As reported in multiple news sources, the current New Jersey State budget signed into law by Governor Philip Murphy increased state spending by more than one billion dollars and a large portion of that increase is going to the state’s grossly underfunded public-employee pension system.

The new budget adds $700 million to what the state will be contributing to the retirement plans for teachers, judges and other government workers during the 2019 fiscal year. This will push the total state pension contribution to a record high of $3.2 billion. It’s also nearly 10 percent of the entire state budget, which now totals $37.4 billion.

Despite the planned record spending on the pension system, the state still has a large hole to fill. New Jersey’s worker-retirement funds are routinely rated as being in the worst shape of any in the nation. This is due, in part, to its history of prior New Jersey governors and Legislatures ignoring the payments that were recommended by actuaries who closely study the pension system.

New Jersey is now trying to boost its pension contribution incrementally each year until the gap is filled so as to ensure the pension system remains solvent. This year’s record contribution will equal about 60 percent of the payment that the state should be making, which means Murphy will have to secure billions more for the pension system over the next few years if he wants to stick to the schedule that will eventually get the state up to the full funding of its pension obligation.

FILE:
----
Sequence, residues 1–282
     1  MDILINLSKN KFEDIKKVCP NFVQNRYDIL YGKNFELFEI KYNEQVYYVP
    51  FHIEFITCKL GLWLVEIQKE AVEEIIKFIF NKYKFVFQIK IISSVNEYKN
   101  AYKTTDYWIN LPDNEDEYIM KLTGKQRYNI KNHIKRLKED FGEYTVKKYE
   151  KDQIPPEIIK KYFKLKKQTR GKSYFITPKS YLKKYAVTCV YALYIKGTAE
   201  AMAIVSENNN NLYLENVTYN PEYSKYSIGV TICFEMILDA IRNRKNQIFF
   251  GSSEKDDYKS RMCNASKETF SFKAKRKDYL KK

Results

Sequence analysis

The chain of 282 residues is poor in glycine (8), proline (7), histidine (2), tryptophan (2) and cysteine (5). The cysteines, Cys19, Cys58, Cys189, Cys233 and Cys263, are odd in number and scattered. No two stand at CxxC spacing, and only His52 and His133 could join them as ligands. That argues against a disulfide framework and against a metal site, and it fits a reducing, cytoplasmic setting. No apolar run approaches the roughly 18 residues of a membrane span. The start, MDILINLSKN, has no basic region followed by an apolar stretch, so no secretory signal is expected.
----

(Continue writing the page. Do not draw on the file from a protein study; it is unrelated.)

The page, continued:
Murphy’s predecessor, former Gov. Chris Christie, had pressed lawmakers to reduce pension-funding costs by changing worker benefits, and even by moving some employees into a different and cheaper retirement system that would more closely resemble the 401(k) plans that are now popular in the private sector. However, the Democrats who control both houses of the Legislature resisted those more drastic changes.

The pension contribution is set to increase to about four billion dollars next year. Such an increase may force Murphy to consider making some benefits changes, increase taxes or find the founds that were previously earmarked for other sources.  In this instance, no matter where the money has been derived from one can not countenance the fact that more funds were allocated from the 2019 fiscal year state budget that went towards funding public employees pensions than any other year in recent history.